life | on talking to people

Last Wednesday in my third #digitaledu class we talked about podcasts and audio as content. This naturally led to a discussion about interviewing and using interviews, whether audio or text, in blogs to add another dimension. As an in class assignment we were then to pair up and interview our partners, recording them on our phones, on a topic of their choice.

From the moment I learned about this task I was absolutely dreading it.

Although I consider myself a social person – as in I enjoy the company of others – I am very much an observer. I do make an effort to contribute to the conversation but I am usually  quite happy to sit back and listen. I find communicating one-on-one to often be quite stressful unless it’s with people I know really well, and even then I sometimes feel anxious about my conversational ability because I think I am pretty rubbish asking questions. And asking questions is pretty key to this thing we call conversation.

This video from YouTube creator and comedian Anna Akana resonated with me:

Asking people about themselves is something that I am actively trying to get better at. I sometimes feel like I talk about myself too much when in conversation. This is not because I am self obsessed or vain (although it may come off that way – I hope it doesn’t though!) but sometimes I just don’t know what else to say so, as a result of my nervousness, I share a related anecdote from my life. Because I am so self conscious about this tendency and I have little confidence in my ability to ask people about themselves I often get quite anxious when I have to be in a social, conversational situation with strangers.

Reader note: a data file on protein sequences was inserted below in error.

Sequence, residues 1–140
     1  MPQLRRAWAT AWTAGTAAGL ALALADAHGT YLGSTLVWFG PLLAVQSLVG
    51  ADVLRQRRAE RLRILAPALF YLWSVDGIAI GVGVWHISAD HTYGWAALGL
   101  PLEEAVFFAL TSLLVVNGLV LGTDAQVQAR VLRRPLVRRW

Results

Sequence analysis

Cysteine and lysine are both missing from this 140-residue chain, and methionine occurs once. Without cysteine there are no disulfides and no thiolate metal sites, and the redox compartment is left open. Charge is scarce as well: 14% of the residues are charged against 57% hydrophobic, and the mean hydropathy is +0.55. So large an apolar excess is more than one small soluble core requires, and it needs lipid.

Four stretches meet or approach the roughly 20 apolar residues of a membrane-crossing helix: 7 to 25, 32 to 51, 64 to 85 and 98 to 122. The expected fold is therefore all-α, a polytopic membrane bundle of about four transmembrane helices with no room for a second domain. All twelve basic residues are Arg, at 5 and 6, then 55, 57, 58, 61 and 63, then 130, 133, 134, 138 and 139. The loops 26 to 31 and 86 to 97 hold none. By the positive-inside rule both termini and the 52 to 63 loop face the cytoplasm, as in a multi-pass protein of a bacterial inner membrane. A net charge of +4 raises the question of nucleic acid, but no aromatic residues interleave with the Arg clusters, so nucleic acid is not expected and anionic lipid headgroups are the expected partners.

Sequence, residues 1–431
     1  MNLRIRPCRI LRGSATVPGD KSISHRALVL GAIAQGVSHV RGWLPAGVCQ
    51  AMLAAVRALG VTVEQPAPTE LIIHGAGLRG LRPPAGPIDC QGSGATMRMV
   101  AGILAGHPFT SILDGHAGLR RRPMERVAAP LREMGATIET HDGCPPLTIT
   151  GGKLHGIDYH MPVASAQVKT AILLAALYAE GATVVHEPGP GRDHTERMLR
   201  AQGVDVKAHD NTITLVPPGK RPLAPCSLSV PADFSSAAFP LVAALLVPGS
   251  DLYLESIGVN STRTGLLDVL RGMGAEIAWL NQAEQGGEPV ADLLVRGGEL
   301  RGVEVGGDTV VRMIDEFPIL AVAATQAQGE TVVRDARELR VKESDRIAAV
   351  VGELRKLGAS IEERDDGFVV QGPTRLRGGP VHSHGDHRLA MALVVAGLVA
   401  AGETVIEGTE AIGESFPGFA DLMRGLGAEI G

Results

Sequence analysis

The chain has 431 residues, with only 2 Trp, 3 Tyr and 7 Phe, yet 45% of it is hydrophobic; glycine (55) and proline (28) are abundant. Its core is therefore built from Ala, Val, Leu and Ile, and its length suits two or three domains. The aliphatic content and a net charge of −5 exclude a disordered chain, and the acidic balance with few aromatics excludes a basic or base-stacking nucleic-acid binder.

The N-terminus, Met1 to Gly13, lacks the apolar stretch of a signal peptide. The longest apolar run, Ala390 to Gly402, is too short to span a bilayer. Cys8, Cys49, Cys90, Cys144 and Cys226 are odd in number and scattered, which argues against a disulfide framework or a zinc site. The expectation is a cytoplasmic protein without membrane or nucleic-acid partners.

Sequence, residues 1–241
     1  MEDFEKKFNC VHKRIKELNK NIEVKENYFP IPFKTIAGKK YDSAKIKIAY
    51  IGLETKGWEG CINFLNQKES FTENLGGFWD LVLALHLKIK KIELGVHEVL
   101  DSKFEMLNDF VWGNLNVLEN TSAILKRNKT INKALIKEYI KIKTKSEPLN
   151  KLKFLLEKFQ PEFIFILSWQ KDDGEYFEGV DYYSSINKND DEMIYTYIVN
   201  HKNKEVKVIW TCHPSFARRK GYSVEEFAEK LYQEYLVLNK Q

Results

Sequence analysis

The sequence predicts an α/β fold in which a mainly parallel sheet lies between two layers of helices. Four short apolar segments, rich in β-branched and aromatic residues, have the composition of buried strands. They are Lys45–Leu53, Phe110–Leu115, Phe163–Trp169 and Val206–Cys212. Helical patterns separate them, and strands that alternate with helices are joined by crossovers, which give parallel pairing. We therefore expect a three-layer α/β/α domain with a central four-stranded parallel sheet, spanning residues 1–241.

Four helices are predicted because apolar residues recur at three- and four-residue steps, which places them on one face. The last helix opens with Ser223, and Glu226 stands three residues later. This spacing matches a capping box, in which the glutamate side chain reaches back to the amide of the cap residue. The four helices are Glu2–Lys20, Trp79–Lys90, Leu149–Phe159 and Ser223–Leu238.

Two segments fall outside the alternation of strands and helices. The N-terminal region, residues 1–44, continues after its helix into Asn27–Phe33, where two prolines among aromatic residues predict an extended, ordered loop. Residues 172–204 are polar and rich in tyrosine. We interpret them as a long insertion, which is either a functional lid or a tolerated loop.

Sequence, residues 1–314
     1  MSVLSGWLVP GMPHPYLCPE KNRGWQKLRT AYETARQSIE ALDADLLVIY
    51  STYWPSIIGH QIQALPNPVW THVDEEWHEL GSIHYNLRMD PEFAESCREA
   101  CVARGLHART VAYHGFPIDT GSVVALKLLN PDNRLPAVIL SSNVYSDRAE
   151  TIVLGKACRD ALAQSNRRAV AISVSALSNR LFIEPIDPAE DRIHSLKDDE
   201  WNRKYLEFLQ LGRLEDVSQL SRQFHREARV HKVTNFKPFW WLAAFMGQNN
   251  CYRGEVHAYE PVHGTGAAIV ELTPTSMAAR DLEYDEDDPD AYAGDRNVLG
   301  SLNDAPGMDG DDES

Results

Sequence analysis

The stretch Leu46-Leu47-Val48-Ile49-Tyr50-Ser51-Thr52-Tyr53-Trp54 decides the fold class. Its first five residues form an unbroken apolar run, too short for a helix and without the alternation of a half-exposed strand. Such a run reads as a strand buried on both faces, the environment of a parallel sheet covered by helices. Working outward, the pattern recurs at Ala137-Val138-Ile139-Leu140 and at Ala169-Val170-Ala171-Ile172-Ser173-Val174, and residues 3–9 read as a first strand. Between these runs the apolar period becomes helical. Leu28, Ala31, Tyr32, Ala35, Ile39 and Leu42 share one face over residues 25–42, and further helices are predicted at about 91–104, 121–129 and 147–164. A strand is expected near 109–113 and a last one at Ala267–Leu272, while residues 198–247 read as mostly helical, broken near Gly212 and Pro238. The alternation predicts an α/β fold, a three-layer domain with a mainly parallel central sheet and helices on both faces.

So when we were asked to interview our peers this traditional social anxiety of mine set in. In the end though, I am glad this assignment was a part of my Wednesday night.

I ended up interviewing Armeen of The Torontican about her experience training for and running a marathon. It soon developed into a conversation about running in general and how she stays motivated and what advice she had for novice or aspiring runners (which was quite inspiring for me), but I learned so much more through this exercise. Although this conversation was aided by planning out the questions I was going to ask, much of it flowed naturally and I felt a certain amount of ease guiding this conversation. Any anxiety I had quickly melted away and I left wondering why I was dreading simply talking to another person.

Reading this back is does seem ridiculous – to dread speaking to people. People are great! But social anxiety happens to me sometimes (and I know it happens to many others) and although it is not debilitating in my every day life, it is something I am always working at and learning from. This interview assignment certainly helped in that process.

#digitaledu? more like #schooloflife.

Do you sometimes find it hard to talk to people? If so, what do you do to make it easier?




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